On September 8, 2017, the NY Court of Appeals ruled that terminally ill people do not have a fundamental state constitutional right to physician-assisted suicide. The decision stated, “Aid-in-dying falls squarely within the ordinary meaning of the statutory prohibition on assisting a suicide.” The court added that state law is clear in prohibiting anyone, including doctors, from assisting in suicide. To date, no state has recognized assisted suicide as a fundamental right.
The court ruled “that state lawmakers had a rational reason for passing a ban on assisted suicide and that the ban doesn’t violate the state constitution.” In addition, the court ruled that it would not block the NY Legislature from passing legislation banning physician-assisted death.
New York’s Catholic Conference hailed the decision as a “significant victory.” "The decision is a significant victory for those who would be most at risk of abuse and most susceptible to pressure to take their own lives, including the isolated elderly, persons with disabilities and those who are depressed and overcome with hopelessness,” said Kathleen M. Gallagher of the Catholic Conference, which represents the church’s bishops in the state.
The court pointed out that New York law does allow terminally ill patients to decline life-sustaining medical assistance, but, it does not permit anyone to assist in ending patients’ lives. There are specific laws that govern end-of-life decisions in New York, including Health Care Proxy, Family Health Care Decisions Act (FHCDA), Medical Orders for Life-Sustaining Treatment (MOLST) and Surrogate Court Proceedings Act §1750-b. These laws include patient protections to ensure these end-of-life decisions are person-centered and grounded in ethical principles.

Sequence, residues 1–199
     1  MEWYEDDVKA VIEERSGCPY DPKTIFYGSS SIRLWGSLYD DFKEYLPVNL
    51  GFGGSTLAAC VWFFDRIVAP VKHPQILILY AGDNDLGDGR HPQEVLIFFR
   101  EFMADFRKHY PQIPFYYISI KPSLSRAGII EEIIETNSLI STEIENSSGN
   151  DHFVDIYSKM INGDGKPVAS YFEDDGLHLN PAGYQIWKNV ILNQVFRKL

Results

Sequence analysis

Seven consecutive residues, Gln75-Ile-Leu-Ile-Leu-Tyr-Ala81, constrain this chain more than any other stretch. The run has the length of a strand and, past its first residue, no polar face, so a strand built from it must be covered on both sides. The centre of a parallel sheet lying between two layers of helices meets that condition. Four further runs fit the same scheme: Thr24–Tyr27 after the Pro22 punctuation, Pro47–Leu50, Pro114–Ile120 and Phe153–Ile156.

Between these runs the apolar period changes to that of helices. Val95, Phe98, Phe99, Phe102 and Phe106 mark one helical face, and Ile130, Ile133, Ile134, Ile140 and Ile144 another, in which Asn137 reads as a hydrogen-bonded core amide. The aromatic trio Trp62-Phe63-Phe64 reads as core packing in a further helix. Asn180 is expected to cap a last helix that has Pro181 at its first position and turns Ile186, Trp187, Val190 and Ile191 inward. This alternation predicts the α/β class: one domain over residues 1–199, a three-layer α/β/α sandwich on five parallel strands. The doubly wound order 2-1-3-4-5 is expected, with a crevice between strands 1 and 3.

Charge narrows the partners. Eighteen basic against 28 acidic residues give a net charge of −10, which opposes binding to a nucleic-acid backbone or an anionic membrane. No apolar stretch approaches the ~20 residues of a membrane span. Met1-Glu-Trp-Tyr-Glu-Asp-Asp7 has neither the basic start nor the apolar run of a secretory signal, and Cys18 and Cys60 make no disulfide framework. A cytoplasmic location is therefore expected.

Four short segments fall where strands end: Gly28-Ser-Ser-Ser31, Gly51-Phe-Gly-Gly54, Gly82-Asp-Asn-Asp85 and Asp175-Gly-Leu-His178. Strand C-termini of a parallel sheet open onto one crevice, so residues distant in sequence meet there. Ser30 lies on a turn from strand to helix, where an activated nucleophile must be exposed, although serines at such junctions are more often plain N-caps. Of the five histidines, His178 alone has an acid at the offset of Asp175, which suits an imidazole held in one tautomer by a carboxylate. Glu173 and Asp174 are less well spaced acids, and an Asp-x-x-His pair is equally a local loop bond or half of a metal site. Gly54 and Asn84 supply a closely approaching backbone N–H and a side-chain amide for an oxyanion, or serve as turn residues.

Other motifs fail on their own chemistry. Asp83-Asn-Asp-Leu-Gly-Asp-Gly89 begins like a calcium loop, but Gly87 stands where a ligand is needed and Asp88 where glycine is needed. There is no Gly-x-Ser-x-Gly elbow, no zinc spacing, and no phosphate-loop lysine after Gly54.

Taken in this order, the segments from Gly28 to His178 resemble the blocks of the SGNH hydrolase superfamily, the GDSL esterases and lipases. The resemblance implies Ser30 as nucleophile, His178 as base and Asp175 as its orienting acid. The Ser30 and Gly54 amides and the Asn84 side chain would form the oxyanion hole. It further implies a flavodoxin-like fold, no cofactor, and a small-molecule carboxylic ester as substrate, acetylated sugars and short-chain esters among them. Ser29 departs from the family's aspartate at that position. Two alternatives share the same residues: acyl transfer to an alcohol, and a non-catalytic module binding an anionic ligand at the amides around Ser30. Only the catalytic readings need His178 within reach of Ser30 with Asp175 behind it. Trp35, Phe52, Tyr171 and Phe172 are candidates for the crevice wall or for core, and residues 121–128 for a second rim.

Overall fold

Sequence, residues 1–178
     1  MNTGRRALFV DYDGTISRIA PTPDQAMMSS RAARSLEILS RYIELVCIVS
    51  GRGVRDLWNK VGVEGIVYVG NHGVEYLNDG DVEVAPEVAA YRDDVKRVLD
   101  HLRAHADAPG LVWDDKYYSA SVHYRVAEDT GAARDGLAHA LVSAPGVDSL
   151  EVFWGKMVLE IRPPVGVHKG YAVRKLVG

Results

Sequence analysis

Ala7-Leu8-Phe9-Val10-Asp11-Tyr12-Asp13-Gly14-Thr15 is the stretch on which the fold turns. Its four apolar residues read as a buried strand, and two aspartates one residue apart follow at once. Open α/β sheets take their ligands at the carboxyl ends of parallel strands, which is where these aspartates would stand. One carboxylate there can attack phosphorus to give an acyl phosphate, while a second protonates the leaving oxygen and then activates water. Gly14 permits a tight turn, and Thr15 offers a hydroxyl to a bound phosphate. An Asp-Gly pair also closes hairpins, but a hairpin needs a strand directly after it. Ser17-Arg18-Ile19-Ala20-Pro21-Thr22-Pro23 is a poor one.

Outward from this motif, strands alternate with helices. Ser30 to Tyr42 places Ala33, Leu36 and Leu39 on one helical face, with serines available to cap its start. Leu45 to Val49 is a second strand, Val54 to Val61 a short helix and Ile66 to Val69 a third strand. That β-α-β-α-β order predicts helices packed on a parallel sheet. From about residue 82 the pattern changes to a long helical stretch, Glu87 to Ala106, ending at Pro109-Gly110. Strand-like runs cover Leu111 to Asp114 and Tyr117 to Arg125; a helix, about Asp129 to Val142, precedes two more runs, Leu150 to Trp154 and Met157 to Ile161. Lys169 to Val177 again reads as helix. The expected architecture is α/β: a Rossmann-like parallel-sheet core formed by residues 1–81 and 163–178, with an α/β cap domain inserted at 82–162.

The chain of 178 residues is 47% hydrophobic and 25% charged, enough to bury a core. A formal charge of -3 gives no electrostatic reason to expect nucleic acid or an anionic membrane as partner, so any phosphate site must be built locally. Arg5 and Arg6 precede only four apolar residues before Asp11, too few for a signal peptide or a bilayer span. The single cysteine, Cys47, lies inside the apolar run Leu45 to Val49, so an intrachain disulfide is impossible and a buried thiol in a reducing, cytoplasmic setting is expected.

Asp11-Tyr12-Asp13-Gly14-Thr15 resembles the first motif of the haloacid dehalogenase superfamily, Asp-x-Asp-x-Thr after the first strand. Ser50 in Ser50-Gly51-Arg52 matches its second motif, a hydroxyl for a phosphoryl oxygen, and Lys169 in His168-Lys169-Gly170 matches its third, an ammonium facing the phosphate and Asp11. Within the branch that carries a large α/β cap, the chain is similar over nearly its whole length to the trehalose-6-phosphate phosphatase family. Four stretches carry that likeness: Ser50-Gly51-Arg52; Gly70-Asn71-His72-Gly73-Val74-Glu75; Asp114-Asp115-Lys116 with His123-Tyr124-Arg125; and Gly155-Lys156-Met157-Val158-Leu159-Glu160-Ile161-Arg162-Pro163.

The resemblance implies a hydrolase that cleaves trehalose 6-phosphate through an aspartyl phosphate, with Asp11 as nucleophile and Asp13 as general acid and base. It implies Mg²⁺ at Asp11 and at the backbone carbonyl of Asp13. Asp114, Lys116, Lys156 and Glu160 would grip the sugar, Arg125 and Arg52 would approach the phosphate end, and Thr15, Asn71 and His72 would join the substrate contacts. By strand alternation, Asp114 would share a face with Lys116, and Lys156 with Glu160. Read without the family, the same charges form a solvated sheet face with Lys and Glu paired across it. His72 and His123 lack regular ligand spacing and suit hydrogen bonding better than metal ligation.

The MOLST program helps seriously ill patients who might die in the next year ensure they receive care reflecting their values, beliefs, goals for care and their end-of-life treatment preferences will be honored. Using a standardized process, completion of the MOLST includes conversations between the patient/family/loved ones and their physician/care team to define the patient’s goals for end-of-life care and review possible treatment options using shared decision-making that is well informed. Once completed, the MOLST is a set of medical orders that clearly set forth the patient’s preferences for life-sustaining treatment. A palliative care plan must support the MOLST. These medical orders must be followed by all healthcare professionals, including EMS, in all settings. New York's Catholic Conference supports appropriate use of the MOLST.
eMOLST, the secure web-based application for MOLST – found at NYSeMOLSTregistry.com – serves as New York’s eMOLST Registry. The completion process adds an additional layer of structure and quality assurance to MOLST. eMOLST is essential to be sure the process is done correctly.
MOLST is a key pillar of palliative care. The time is now to move towards universal access to high-quality palliative care for persons with serious illness and statewide eMOLST implementation.